All cells in our body have the same DNA, inherited from our parents. And yet they are not all the same. Why are heart cells different from lung cells? How do they know the role they have to play?
Science was born out of unresolved questions and these were some of those raised by the scientists who started the first tissue engineering labs. And soon they found the answers.
The origin of each of us results from two cells, coming from our father and our mother. These cells, by uniting and dividing, give rise to stem cells which, in turn, can generate a complete human being. This human being is made up of different cells, with different functions, grouped into tissues, which in turn form the organs.
What happens in embryonic development so that different organs are formed from genetically identical cells? Well, as cells divide and differentiate, signals are produced that cause not all cells to express all genes. So the cells of the heart, despite having the same DNA as those of the lungs, express certain genes that tell them to contract and beat, and those that cause the lung cells to take in oxygen are silenced.
mend broken hearts
With all of this information on the table, in 2006 Professor Shinya Yamanaka, Nobel Prize in Medicine, considered the following: If a stem cell, receiving external signals, is able to differentiate into an adult cell, the process can be reversed? Take an adult cell, add signals to it and turn it into a stem cell? He tried it and the answer was yes: there are “master” stem cells from which cells of any tissue can be obtained.
On the other hand, our body is constantly taking damage and needs to repair itself. There are organs capable of doing this, such as skin and bones. Instead, there are others with functions so advanced and complex that their specialized cells have lost the ability to divide and regenerate after damage. A representative example would be the heart.
Currently, heart disease is the leading cause of death worldwide. We all know someone who has had a heart attack. What happens in a heart attack is that the cells in an area of the heart die, they cannot perform their function, and the heart is not able to recover that damaged area.
The current treatment? The transplant. But even in Spain, which is a world leader in the field of organ transplants, there are not enough hearts to cover the demand. In addition, the patient receives medication for life to prevent the transplanted heart from being rejected by the immune system.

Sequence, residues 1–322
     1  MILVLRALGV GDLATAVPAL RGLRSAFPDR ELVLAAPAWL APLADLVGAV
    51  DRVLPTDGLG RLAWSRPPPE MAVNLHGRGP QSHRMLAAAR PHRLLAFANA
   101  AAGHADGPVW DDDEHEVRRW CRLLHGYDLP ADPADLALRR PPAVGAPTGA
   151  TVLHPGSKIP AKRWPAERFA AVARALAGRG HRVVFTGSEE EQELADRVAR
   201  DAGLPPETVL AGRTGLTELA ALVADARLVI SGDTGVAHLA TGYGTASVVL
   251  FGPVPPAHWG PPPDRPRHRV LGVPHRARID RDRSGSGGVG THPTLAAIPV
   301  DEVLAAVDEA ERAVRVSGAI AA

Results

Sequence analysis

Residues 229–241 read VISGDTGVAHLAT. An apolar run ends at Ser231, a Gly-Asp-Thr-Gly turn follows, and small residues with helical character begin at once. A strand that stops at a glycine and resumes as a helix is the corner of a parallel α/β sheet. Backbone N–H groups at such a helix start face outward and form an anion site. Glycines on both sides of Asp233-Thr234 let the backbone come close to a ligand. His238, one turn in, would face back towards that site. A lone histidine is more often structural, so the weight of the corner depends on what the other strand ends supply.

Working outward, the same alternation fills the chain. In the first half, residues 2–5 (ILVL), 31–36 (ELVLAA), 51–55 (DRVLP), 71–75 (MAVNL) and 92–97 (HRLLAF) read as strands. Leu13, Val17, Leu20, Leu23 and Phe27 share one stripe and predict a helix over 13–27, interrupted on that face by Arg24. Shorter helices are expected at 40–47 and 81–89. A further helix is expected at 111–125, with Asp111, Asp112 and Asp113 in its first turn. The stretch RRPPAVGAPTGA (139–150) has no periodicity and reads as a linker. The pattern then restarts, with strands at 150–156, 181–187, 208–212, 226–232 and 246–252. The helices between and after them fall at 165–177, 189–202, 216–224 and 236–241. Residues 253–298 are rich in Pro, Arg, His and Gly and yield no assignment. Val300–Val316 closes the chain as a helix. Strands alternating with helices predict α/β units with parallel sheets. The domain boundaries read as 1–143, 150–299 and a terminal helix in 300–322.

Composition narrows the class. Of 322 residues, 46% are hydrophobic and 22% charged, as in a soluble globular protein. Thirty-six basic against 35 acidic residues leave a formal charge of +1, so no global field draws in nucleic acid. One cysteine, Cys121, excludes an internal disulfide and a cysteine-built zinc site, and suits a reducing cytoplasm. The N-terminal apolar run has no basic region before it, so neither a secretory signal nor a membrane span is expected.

The good news is that, thanks to Professor Yamanaka’s discovery, we can obtain heart cells in the laboratory. Moreover, if the starting cells are obtained from the patient who suffers from the heart disease (from his skin, for example), the problem of rejection is avoided.
Cells are not enough: we need scaffolding
At the end of the 20th century, strategies began to be proposed consisting in filling the areas of the heart that had lost them following a heart attack with heart cells. But the heart is too complex an organ and cannot be rebuilt with cells alone: the structure and the scaffolding where they are located are just as important.
This scaffold is called the “extracellular matrix” and apart from providing structure it also has other fundamental functions such as providing the necessary mechanical properties of stiffness, elasticity and toughness. This is what makes bones hard and can perform the function of a bone, the heart is more elastic and allows cells to beat, etc.
In the case of the heart, not only the characteristics of this matrix are important, but also its organization in space, which increases its complexity.
Over the past twenty years, materials capable of mimicking the extracellular matrix, called “biomaterials”, have been developed. 3D printing technology is also being developed. If with a 3D printer we can make almost any object in our homes, why not try it with an organ?
3D bioprinters, in addition to the manufacture of organs for transplants, represent a great advance for personalized medicine. If a heart is made with a patient’s own cells, treatments or combinations of drugs could be tested on the organ before administering them to the patient. It sounds like science fiction, but it’s already hitting the labs.
(c) Conversation / María Pérez Araluce (University of Navarre) / image: 123rf